Most of the movements surrounding Debt Sanders and his decision to leave Jackson State University to take the head coaching job at the University of Colorado have come to a halt.
With numerous interviews explaining his move as well as the quiet surrounding discussions that consumed social media, it seemed as if everything surrounding this training change had settled down. However, there was one decision-making official who was still unsure about Coach Prime’s new move.
AfroTech previously reported that while Sanders accepted the head coach position, the athletic director at the University of Colorado confirmed that the money for his job was not there yet.
As a detail, Sanders is set to receive the following:
$5.5 million in its first season
$500,000 in base salary
$1.75 million in additional income for radio, television, and public appearances
$1.74 million for promotion and fundraising
$1.5 million for “student-athlete development”
The money for Sanders’ salary was supposed to be there as he got his initial start with the team, and his role was officially up for discussion by the school board.
According to USA Today, all but one of the University of Colorado Board of Regents voted to approve the Prime Coach position.
Jack Kroll was the only member to decide to vote “no”, stating that his opposition had nothing to do with Sanders as an individual. However, it was his fiduciary responsibility to look out for the interest of the school.
Kroll listed his specific reasons for opposition with USA Today.
“The business model is not sustainable.”
Kroll noted that Sanders’ salary is higher than what the university has paid for a football coach. However, the University of Colorado (UC) uses a student athletic tuition of $28.50 per student per semester to support its athletic department. During the 2019-2020 academic year, the university collected $11.2 million in revenue from student fees.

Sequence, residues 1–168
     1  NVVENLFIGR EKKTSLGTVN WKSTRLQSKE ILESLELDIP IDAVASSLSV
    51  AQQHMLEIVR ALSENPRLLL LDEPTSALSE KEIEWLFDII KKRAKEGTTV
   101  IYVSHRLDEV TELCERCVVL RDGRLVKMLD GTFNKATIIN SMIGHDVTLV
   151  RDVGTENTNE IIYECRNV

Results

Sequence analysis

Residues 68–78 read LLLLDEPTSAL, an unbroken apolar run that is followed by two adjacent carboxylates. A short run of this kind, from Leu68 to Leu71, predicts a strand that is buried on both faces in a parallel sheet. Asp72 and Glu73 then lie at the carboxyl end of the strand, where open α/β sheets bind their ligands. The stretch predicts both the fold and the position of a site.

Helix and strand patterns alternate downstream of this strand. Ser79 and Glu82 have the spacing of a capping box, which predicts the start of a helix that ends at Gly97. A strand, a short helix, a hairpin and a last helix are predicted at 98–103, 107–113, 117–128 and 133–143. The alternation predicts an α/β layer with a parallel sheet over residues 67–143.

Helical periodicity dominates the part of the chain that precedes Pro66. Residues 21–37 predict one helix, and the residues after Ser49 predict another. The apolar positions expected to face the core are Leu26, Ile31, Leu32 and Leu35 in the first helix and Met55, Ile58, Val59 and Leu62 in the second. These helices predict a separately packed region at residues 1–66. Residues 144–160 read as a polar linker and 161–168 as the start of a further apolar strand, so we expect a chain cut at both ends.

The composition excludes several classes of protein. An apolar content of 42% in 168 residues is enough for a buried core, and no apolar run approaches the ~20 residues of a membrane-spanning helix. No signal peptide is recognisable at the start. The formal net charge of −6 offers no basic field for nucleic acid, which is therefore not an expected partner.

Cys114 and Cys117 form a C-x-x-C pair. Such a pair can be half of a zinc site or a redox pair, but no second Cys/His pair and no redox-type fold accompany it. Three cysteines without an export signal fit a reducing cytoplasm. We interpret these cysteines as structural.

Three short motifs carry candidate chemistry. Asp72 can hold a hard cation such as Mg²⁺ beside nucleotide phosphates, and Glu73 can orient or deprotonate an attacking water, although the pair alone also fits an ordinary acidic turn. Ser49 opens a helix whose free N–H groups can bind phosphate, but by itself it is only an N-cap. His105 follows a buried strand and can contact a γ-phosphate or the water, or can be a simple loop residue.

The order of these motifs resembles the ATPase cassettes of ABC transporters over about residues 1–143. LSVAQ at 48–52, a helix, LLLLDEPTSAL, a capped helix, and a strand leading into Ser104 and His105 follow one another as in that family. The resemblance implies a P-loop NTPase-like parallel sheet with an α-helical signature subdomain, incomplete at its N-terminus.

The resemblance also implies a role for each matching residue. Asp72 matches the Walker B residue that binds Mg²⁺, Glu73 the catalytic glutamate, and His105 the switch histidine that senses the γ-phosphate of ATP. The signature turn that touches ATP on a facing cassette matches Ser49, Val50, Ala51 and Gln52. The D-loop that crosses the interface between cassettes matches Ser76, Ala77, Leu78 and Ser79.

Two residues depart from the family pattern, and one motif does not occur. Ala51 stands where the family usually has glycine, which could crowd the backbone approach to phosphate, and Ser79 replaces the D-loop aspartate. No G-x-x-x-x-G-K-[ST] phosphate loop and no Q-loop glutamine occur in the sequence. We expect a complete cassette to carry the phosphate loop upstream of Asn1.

However, UCLA coaches are not “compensated” by tuition money, taxpayer money, or the campus general fund, but by athletic department revenue, media rights, and donations.
“Soon players may be classified as employees by law.”
Although Kroll has no real opposition to such a class of student-athlete, he doesn’t fully understand how CU will defray labor expenses if the move becomes official.
“We are concerned about head injuries from football and its long-term impact on players.”
Kroll noted that the university has a long and complex history of player injuries and deaths related to head injuries. And while CU bills itself as a leader in preventing and treating head injuries, Kroll believes the school can use its resources on more sustainable projects like residence halls and research laboratories.
“But I think, as a university credit agent, I have to see a bigger picture, and yeah, I get negative feedback and angry voicemails. I don’t check Twitter. It’s fine. They’re entitled to their thoughts and passions about these things. In the short term, It’s a really exciting time for the university to bring in a guy like Deion Sanders, and people are excited about it. Anyone who gets in that way is going to hear about it,” Kroll told USA Today.
In addition to the above reasons, Kroll’s “personal remorse” also played a role in his vote.
In 2017, he voted to extend the contract of former CU coach Mike McIntyre, who was eventually fired after a year due to poor on-field performance.
“CU released MacIntyre in November 2018 after his team’s performance on the field collapsed with six straight losses. CU ended up paying $7.2 million to buy out his contract,” USA Today reports.
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